There are uncertainties about the fetal MRI, its impact on the fetal growth restrictions in the uterus, premature birth, and the damage to the inner ear due to high acoustic disturbances during the procedure. There was a recent study performed which assessed the fetal development and postpartum inner ear function after exposure to MRI at 1.5 T during pregnancy. The results revealed no negative outcomes after exposure to 1.5 T MRI procedure, meaning that the percentage of the inner ear dysfunction or deafness was found to be zero, nor was there a significant difference in the newborns’ weight [18]. Another similar study was performed by Joel G. Ray et al. [19]. The study was designed to assess the long-term safety after performing MRI during the first trimester of pregnancy. The researchers estimated the risk of a stillbirth or newborn death within 28 days after delivery and any inborn malformation, abnormal growth and hearing or vision disorders until 4 years old. The results of the study have proven that the risk of adverse effects on the fetus or preschool children has not increased after exposure to MRI during the first trimester of pregnancy. Marine Bouyssi-Kobar et al. [20] performed the prospective study to evaluate the functional outcomes in minors who were examined by 1.5 T fetal MRI in the second or third trimester of pregnancy. The authors were not able to establish a link between the inner ear dysfunction in preschool children and the fetal exposure to magnetic fields in the second and third trimester of pregnancy.
The use of gadolinium for pregnant women is highly controversial. Gadolinium is a pregnancy class C drug, meaning that its safe administration to humans has not been confirmed [2,16]. Despite the lack of adequate evidence of gadolinium side effects, the consensus among radiologists is to avoid this contrast material for precautionary reasons. Gadolinium agents injected intravenously cross the placenta barrier and get into the fetal circulation. Gadolinium is nontoxic in the form of chelate and it remains for a long time until it is absorbed and eliminated. Gadolinium is secreted into the amniotic fluid from the fetal bladder. The longer gadolinium chelate form stays in this space, the greater is its risk to dissociate from its chelate molecule and become very toxic. In pregnant patients requiring MRI, the procedure is most commonly performed without gadolinium-enhanced images, taking into account the concern for potential side effects to the fetus [21,22].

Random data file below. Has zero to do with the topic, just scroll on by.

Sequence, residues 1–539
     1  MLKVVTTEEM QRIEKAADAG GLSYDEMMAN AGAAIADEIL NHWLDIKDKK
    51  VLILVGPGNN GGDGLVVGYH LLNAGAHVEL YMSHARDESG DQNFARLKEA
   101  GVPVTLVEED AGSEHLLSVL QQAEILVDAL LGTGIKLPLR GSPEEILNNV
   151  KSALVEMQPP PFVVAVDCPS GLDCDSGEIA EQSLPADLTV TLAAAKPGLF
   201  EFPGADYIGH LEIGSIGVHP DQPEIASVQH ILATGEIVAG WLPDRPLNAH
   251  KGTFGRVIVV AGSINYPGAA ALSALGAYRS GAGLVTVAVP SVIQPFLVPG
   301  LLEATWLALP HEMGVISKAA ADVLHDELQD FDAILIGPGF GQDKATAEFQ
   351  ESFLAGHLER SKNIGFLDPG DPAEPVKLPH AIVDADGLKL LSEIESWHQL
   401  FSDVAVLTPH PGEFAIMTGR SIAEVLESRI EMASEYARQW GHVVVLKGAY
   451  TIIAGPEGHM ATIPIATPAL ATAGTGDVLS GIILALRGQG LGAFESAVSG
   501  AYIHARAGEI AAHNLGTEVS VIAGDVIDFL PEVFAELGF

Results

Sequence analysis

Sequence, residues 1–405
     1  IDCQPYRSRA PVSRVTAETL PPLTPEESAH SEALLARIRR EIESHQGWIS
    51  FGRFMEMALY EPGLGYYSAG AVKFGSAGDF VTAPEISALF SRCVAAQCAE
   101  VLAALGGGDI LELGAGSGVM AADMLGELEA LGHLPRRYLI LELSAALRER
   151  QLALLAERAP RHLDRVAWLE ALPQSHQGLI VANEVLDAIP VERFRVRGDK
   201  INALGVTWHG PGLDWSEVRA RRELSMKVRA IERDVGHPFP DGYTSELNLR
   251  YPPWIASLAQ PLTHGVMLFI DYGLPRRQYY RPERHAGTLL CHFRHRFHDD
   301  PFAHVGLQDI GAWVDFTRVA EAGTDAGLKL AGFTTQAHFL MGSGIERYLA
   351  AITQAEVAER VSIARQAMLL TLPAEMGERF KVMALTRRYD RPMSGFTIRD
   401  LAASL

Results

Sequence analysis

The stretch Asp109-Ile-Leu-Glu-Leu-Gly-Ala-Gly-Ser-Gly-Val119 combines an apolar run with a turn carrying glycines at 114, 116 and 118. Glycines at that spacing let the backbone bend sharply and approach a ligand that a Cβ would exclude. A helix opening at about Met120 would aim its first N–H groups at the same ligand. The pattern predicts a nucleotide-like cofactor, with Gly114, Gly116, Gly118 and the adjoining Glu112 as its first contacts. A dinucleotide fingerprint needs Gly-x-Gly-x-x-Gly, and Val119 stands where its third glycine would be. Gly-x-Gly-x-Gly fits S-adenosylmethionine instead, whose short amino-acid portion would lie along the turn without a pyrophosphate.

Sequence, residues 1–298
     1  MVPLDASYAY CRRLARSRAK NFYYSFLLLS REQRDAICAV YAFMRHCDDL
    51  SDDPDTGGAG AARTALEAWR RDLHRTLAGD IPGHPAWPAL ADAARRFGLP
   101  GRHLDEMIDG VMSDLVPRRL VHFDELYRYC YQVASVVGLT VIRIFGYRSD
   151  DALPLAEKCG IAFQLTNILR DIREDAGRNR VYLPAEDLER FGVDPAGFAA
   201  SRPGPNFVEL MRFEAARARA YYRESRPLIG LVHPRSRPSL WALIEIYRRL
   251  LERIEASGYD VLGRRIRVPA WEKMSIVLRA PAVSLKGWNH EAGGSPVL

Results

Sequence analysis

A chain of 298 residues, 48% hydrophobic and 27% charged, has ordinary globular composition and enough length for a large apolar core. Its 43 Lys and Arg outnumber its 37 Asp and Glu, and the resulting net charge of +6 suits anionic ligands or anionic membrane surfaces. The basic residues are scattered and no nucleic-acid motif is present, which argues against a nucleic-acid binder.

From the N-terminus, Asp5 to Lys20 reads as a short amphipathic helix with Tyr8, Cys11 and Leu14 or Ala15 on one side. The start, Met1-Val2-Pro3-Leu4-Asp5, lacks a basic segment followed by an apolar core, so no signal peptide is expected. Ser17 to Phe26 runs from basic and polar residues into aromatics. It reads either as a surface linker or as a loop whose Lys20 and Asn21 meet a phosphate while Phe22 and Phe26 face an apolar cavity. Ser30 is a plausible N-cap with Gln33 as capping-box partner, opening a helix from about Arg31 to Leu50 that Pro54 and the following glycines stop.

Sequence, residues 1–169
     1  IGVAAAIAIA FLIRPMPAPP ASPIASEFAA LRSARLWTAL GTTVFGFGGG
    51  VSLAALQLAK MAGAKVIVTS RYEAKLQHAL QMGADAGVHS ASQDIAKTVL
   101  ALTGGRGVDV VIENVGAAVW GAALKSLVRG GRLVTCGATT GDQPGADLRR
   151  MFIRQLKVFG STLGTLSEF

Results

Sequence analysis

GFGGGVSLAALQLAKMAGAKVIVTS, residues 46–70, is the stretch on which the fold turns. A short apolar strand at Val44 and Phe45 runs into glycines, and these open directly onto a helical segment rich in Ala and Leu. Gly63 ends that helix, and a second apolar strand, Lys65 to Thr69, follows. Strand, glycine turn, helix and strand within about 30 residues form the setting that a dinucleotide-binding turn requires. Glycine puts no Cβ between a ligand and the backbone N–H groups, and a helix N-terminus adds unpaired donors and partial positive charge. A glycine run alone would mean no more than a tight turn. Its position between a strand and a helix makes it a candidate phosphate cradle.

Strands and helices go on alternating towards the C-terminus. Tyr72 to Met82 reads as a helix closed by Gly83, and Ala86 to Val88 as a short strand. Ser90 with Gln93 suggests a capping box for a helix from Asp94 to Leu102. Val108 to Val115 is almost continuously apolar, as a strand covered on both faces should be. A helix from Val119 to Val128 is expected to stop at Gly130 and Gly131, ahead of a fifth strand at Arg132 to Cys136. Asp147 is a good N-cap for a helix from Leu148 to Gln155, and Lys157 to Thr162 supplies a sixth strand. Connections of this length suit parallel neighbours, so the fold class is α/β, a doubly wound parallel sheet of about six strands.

In order to provide the data about the contrast material distribution in the mother and fetus, studies have been performed on animals of lower species. Karen Y. Oh et al. conducted a study aimed to estimate gadolinium chelate in Gravid Japanese macaques’ fetal tissues and amniotic fluid after 19–45 hours after intravenous administration of gadosteridol. As a result, the contrast material in the fetoplacental circulation was minimal compared to the injected maternal dose [23]. A few years later, Joao Prola-Netto performed an experimental study with juvenile nonhuman primates in order to determine if the contrast material remained in the juvenile nonhuman primate after giving a pregnant mother an intravenous injection. The presence of the contrast material in amniotic fluid confirmed that, after maternal exposure to gadosteridol, it transits through the placental barrier. The examination of the macaque tissue after birth has revealed the presence of very small gadolinium doses, which proves that very low levels of contrast material remain after birth [24].

6. Conclusions

Fetal MRI is a rapidly evolving technique in perinatology due to its accuracy and excellent quality of images. In many cases, the combination of fetal MRI with high-quality ultrasound facilitates additional diagnostic information which widens the possibilities for detecting early perinatal development disorders. Fetal MRI does not use ionizing radiation and is assumed to be safe, however, there is not enough evidence to prove its long-term safety.

Author Contributions

All authors contributed in conception and revision of the manuscript. All authors approved the final version of the manuscript.


This research received no external funding.

Conflicts of Interest

The authors declare no conflict of interest.


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Figure 1. (A,B) Coronal and axial MRI scans of the fetuses brain. Left posterior and temporal horn was dilated—18 mm. From cisterna ambient interhemispheric fissure O-P-F and liquor collections O-P-F 6.7 × 3.3 cm with septum. Signs of corpus callosum agenesis.
Figure 1. (A,B) Coronal and axial MRI scans of the fetuses brain. Left posterior and temporal horn was dilated—18 mm. From cisterna ambient interhemispheric fissure O-P-F and liquor collections O-P-F 6.7 × 3.3 cm with septum. Signs of corpus callosum agenesis.
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Figure 2. (A,B) Sagittal and coronal MRI scan of the fetus. Herniation in the left side of the diaphragm, the stomach, bowel loops and the left liver lobe in the chest cavity.
Figure 2. (A,B) Sagittal and coronal MRI scan of the fetus. Herniation in the left side of the diaphragm, the stomach, bowel loops and the left liver lobe in the chest cavity.